President Trump has proposed what he calls a “fair compromise” with Congress on immigration policy, with four main components:
- A path to citizenship for DREAMers — unauthorized immigrants who came as children
- A border wall with Mexico and increased funding for Border Patrol
- Ending the diversity visa lottery
- Banning US citizens from sponsoring their adult children, parents, and siblings for green cards
Item one is a concession to Democrats in Congress; items two through four are immigration restrictionist priorities that Trump and his allies on the issue have long wanted. The Cato Institute’s David Bier and Stuart Anderson estimate that the package would result in a 44 percent cut in legal immigration, while the Center for Global Development’s Michael Clemens and Jimmy Graham note that the package would disproportionately reduce the flow of black, Hispanic, and Muslim immigrants.
Trump cannot pass this plan without significant support from Senate Democrats, who otherwise can choose to filibuster and block it. And a growing number of commentators are urging Democrats to accept a deal along these lines and embrace the possibility of a grand bargain on the issue. To do otherwise would be to embrace an extreme pro-immigration stance that’s out of line with the country.
The fact of the matter is, though, that while relief for DREAMers is wildly popular with the American public, a border wall and reducing immigration levels are not. As you might imagine, most Americans don’t have especially detailed views on specific questions of immigration policy, like “should we end the diversity visa lottery” or “should we change the standards for family sponsorship,” and polling on those kinds of specifics is all over the place.
But on the big questions, the prevailing public sentiment is reasonably clear: People want relief for DREAMers. They don’t want a border wall. And they want immigration levels kept constant or increased, not lowered. It’s totally in line with public sentiment for Democrats and pro-immigration Republicans in Congress to insist on a deal that helps DREAMers without building a wall or cracking down on immigration.
People love the DREAM Act, don’t want a border wall
The incredibly useful polling aggregator Polling Report has a rundown of recent surveys asking Americans if they’d support a bill “allowing undocumented immigrants who were brought to the U.S. as children to remain in the United States and eventually apply for citizenship,” to quote Quinnipiac’s exact wording. The phrasing differs from poll to poll, but the findings are remarkably consistent and overwhelming:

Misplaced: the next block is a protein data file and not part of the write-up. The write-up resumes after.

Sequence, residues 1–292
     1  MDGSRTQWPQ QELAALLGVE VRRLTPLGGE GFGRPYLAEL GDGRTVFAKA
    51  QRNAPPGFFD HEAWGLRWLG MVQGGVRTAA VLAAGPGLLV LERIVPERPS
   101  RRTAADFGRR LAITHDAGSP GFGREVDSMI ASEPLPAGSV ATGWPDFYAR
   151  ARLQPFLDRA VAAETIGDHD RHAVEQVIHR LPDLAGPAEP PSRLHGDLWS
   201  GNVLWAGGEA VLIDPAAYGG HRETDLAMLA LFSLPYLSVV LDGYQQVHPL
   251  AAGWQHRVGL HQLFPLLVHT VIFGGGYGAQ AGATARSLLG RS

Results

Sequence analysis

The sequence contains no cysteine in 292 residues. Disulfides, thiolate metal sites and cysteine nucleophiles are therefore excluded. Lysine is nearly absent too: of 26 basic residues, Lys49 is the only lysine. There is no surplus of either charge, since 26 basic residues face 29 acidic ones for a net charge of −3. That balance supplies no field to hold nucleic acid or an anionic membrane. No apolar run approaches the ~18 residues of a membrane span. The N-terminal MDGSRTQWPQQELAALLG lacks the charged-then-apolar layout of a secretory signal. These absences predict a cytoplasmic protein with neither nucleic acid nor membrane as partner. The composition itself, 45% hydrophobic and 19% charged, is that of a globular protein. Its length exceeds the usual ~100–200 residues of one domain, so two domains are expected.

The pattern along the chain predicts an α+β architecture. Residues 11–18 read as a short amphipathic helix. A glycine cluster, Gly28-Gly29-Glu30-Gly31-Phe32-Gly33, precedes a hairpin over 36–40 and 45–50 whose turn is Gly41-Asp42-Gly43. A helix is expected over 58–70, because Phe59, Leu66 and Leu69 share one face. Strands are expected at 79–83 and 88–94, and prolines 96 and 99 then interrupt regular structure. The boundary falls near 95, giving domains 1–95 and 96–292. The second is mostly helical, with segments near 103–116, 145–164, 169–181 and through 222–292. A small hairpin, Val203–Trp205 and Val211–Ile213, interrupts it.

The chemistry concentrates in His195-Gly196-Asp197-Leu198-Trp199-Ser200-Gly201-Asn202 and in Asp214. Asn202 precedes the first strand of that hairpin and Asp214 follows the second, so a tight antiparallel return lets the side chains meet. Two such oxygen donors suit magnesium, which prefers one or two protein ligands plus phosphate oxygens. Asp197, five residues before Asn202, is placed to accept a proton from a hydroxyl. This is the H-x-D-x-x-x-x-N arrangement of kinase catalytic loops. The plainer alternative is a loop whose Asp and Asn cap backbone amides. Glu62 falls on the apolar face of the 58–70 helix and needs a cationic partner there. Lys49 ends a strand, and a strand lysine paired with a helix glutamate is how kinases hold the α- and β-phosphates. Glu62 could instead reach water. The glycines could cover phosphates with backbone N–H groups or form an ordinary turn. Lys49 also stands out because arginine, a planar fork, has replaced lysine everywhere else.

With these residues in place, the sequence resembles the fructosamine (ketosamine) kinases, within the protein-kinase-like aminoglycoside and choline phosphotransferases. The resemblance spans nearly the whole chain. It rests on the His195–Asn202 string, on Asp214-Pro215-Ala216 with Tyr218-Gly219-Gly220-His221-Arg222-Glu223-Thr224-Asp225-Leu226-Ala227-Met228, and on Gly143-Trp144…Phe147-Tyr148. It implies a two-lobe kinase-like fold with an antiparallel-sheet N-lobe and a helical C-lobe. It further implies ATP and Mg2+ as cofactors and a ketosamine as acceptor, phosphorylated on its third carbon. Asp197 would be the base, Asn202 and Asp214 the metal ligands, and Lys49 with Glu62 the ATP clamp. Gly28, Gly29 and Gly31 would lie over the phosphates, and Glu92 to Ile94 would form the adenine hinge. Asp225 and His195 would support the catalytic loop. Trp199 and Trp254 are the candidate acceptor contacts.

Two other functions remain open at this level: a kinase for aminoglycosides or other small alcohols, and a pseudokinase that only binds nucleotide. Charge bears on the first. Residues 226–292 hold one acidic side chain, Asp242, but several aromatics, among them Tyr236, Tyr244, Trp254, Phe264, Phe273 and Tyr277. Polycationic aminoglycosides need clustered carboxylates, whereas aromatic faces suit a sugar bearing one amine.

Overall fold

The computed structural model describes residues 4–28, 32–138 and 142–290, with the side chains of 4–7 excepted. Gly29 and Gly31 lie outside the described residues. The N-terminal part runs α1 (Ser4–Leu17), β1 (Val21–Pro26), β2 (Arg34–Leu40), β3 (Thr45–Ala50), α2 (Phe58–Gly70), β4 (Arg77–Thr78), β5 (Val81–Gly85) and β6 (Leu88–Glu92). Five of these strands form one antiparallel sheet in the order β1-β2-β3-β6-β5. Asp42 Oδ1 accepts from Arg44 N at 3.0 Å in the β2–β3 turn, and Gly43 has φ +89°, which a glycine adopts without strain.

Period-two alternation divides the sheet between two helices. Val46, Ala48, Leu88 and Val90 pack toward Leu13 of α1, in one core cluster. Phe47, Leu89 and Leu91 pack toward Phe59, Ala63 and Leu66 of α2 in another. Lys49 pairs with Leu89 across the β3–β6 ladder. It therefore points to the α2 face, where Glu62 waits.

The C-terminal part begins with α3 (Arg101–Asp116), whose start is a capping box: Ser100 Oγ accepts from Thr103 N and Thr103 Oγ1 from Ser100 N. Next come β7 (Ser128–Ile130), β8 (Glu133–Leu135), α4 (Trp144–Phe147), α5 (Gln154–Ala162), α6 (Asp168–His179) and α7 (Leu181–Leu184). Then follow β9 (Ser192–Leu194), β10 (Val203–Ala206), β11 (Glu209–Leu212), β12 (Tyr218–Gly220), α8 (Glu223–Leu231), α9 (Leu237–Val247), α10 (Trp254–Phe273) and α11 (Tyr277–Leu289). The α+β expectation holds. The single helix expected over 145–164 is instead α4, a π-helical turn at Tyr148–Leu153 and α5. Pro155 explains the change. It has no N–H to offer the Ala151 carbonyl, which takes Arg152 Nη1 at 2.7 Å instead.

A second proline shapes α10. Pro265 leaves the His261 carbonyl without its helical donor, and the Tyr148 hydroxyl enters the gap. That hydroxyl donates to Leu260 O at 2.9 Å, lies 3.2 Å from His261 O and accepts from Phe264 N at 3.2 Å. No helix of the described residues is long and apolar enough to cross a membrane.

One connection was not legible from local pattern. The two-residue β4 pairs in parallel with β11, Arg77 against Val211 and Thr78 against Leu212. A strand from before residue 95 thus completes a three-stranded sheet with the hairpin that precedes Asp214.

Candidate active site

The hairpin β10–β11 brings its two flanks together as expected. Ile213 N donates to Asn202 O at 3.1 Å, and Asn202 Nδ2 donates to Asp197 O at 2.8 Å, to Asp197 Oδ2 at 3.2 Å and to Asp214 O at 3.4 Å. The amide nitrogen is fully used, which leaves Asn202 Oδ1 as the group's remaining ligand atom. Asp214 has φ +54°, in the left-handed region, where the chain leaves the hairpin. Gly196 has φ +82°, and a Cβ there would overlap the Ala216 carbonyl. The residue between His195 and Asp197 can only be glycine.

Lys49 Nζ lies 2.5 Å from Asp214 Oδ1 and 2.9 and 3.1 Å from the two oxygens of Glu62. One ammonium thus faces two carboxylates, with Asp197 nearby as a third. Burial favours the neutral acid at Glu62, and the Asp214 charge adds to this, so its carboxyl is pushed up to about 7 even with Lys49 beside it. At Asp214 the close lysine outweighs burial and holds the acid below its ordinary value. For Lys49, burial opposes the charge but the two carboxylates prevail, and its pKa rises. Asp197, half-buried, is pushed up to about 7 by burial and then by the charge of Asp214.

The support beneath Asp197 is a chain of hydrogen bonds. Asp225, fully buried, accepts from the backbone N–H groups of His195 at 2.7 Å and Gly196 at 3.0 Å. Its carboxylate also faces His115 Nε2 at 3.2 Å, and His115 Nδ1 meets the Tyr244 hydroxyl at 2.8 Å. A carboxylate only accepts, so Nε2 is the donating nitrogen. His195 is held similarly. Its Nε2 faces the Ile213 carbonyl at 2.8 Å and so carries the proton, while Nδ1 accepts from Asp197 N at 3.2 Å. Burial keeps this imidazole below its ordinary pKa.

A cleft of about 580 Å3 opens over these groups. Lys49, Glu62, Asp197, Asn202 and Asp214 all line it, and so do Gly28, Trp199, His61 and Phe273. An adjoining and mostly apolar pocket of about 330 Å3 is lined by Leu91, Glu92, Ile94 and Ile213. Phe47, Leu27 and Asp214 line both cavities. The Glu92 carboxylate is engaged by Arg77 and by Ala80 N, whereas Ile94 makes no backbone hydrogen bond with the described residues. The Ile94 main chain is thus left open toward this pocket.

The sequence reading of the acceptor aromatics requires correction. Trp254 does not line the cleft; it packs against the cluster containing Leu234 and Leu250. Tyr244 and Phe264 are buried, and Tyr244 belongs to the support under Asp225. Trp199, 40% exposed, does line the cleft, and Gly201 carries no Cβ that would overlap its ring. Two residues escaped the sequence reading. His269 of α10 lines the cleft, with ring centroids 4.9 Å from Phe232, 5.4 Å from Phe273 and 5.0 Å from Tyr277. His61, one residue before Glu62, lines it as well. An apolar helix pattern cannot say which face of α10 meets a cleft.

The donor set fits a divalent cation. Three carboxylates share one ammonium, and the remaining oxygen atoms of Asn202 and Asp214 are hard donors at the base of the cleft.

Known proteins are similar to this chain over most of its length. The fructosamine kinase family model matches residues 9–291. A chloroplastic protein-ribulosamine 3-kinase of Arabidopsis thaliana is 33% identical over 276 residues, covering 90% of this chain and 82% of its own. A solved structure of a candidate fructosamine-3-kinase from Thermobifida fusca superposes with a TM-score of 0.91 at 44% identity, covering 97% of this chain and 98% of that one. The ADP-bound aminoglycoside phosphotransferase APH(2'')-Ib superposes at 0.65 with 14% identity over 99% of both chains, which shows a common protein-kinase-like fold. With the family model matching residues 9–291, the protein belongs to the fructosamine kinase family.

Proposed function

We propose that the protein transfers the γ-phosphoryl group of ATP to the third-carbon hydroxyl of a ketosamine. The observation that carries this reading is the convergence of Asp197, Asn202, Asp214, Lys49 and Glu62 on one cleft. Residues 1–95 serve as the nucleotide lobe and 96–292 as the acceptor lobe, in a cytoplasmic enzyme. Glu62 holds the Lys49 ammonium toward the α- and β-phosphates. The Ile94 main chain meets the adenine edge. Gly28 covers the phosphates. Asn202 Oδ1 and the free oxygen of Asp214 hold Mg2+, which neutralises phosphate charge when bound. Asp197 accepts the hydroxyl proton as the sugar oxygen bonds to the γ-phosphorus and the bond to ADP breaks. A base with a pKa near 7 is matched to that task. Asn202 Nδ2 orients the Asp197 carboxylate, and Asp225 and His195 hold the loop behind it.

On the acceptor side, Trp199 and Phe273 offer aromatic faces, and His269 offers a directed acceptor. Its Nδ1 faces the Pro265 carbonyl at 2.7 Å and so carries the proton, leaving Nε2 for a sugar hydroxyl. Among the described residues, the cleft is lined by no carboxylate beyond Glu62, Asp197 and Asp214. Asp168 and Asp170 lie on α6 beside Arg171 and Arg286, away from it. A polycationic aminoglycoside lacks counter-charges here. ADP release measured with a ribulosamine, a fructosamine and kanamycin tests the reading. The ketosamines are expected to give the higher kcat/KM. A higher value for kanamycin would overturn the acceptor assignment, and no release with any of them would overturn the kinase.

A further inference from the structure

- Quinnipiac, February 2-5, 2018: 81 percent support such a bill, 14 percent oppose it.
- Monmouth University, January 28-30, 2018: 73 percent support “allowing people who illegally immigrated when they were children to automatically become U.S. citizens, as long as they don’t have a criminal record,” 25 percent oppose that.
- ABC News/Washington Post, January 15-18, 2018: 87 percent support a “program that allows undocumented immigrants to stay in the United States if they arrived here as a child, completed high school or military service and have not been convicted of a serious crime”; only 11 percent oppose.
- CNN, January 14-15 and 17-18, 2018: 84 percent want to continue Deferred Action for Childhood Arrivals (DACA) program (“a U.S. government program allows some immigrants who were brought to the U.S. illegally as children to remain in the U.S. without risk of deportation. To qualify, immigrants had to be under the age of 30 as of 2012, have no criminal record, and be a student, in the military, or have earned a high school diploma.”); 11 percent want to end it.
- CBS News, January 13-16, 2018: 87 percent favor “allowing young immigrants who were brought to the U.S. illegally as children to remain in the country if they meet certain requirements such as going to school or joining the military, and not having a criminal record”; only 11 percent oppose.
- Pew Research Center, January 10-15, 2018: 74 percent favor a law granting “permanent legal status” to “immigrants who came illegally to the U.S. when they were children”; 21 percent oppose.
- NBC News/Wall Street Journal, December 13-15, 2017: 62 percent support continuing DACA; 19 percent supporting ending it.
- Marist, December 4-7, 2017: 58 percent want to let DREAMers become citizens, 23 percent want to let them stay not as citizens, 15 percent want to deport them.